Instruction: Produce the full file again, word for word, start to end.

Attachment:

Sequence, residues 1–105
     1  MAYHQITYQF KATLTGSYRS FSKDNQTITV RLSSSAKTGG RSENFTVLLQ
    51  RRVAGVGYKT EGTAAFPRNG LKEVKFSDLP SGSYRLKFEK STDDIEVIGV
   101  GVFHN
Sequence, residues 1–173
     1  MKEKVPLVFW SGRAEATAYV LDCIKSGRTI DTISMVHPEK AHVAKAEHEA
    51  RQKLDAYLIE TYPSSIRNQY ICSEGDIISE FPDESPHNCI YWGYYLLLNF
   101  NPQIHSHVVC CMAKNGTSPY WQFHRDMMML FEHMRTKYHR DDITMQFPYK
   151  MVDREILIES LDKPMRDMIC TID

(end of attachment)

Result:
Sequence, residues 1–105
     1  MAYHQITYQF KATLTGSYRS FSKDNQTITV RLSSSAKTGG RSENFTVLLQ
    51  RRVAGVGYKT EGTAAFPRNG LKEVKFSDLP SGSYRLKFEK STDDIEVIGV
   101  GVFHN
Sequence, residues 1–173
     1  MKEKVPLVFW SGRAEATAYV LDCIKSGRTI DTISMVHPEK AHVAKAEHEA
    51  RQKLDAYLIE TYPSSIRNQY ICSEGDIISE FPDESPHNCI YWGYYLLLNF
   101  NPQIHSHVVC CMAKNGTSPY WQFHRDMMML FEHMRTKYHR DDITMQFPYK
   151  MVDREILIES LDKPMRDMIC TID